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  5 October 2022  

“James Bond has only one father – Ian Fleming.”

Screenwriter JOHANNA HARWOOD’s important role in the first two James Bond films has for too long been brushed aside in many 007 histories. Author FRÉDÉRIC ALBERT LEVY [with additional research by KEVIN HARPER] sets the record straight in this exclusive interview conducted in the 60th anniversary year of the James Bond film series.

Dr. No (1962) quad-crown poster | Johanna Harwood 1961

What made you decide to go and study film at the Paris IDHEC (Institut des Hautes Études Cinématographiques)? Weren’t there such film schools in English-speaking countries? Was it your film studies in Paris that made you become bilingual or were you already bilingual?
I went to Paris because there was no film school in England at the time. There was one in Italy – at Cinecittà – but I didn’t speak a word of Italian. There were also courses in some American universities, but for me going to the States was out of the question: the costs were far too high.

I still don’t consider myself bilingual! I learned the basics of French at school, with a year of modern French at the University of Lausanne as a complement. That was enough to understand the teachers at IDHEC. Some of them, moreover, accepted papers handed to them in English.

Dr No (1962) Fifth draft screenplay | Richard Maibaum

ABOVE: (left) Dated January 8, 1962 the fifth draft screenplay of Dr. No was credited to Richard Maibaum, Wolf Mankowitz and J. M. Harwood. Mankowitz was paid £7,000 for his contribution to the screenplay although he ultimately withdrew from the project, and did not receive credit on the finished film. Johanna Harwood was paid just £300 for her work on Dr. No, and subsequently worked on the screenplay for EON Productions next two films, Call Me Bwana and From Russia With Love,  both released in 1963. (right) American screenwriter Richard Maibaum who would be credited on 13 James Bond films 1962-1989.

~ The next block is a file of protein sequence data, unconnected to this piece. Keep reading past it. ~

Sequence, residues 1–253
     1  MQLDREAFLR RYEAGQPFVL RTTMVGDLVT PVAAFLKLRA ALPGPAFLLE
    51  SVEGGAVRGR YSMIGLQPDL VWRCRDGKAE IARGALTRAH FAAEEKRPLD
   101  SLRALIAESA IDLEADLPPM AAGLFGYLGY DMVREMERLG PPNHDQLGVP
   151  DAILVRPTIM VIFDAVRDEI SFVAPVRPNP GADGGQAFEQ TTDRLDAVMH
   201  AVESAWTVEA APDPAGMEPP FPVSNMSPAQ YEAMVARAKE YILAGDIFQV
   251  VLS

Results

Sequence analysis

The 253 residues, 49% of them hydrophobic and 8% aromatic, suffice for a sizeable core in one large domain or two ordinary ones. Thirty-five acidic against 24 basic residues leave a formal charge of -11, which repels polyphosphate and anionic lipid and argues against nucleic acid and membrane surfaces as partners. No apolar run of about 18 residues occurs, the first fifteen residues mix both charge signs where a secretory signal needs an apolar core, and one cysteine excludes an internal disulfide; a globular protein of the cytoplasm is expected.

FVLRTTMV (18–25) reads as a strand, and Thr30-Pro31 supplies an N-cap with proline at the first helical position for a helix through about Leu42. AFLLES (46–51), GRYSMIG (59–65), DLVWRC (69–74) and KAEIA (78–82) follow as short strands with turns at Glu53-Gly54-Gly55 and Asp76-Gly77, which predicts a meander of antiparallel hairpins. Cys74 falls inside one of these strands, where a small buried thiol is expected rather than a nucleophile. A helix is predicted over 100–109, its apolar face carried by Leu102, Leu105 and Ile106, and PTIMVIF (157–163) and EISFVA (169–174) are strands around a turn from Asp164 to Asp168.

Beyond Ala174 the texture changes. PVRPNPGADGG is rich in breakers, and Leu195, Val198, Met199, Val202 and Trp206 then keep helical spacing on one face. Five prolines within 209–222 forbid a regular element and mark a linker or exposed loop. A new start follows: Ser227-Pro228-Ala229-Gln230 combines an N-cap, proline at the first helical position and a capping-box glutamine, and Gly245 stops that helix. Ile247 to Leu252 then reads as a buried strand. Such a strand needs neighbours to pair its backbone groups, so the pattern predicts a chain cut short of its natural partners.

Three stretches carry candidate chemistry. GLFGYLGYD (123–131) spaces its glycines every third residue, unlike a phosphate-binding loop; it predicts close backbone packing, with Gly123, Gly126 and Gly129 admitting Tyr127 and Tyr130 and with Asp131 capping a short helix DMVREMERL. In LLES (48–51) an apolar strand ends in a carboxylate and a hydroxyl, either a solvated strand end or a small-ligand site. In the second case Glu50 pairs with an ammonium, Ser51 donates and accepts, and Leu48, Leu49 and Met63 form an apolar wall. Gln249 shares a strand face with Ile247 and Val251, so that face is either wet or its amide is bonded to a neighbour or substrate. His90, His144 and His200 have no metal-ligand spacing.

As the ‘legend’ goes, you left the Bond series after From Russia With Love because of Terence Young and Richard Maibaum’s outrageously sexist behaviour. Did Maibaum really object to your name being mentioned in the credits?
I never worked with Richard Maibaum – or even met him. So, he could never be “outrageously sexist” with me. As I had left EON long before From Russia With Love was released, I only recently learned that he had objected to me being credited.

As for Terence Young, we only worked together for one afternoon. Harry Saltzman had asked us to work together to rewrite my first draft for Russia (Maibaum had not joined the party yet). With my script open on the table, pencil in hand, Young worked all afternoon without speaking to me, then he put down his pencil, pushed the script away and said, “There! That’s better, don’t you think?” The question was purely rhetorical.

I immediately went to tell Harry Saltzman that if I stayed, he would have to pay two salaries instead of one for the same result, since collaboration was a word that obviously didn’t belong in Terence Young’s lexicon. It was a line of reasoning Saltzman understood perfectly well! However, I wouldn’t say that Young’s behaviour was particularly sexist. He just thought he was better than everyone else. After I left, it was Maibaum who took over.

Terence Young, Joseph Wiseman & Wolf Mankowitz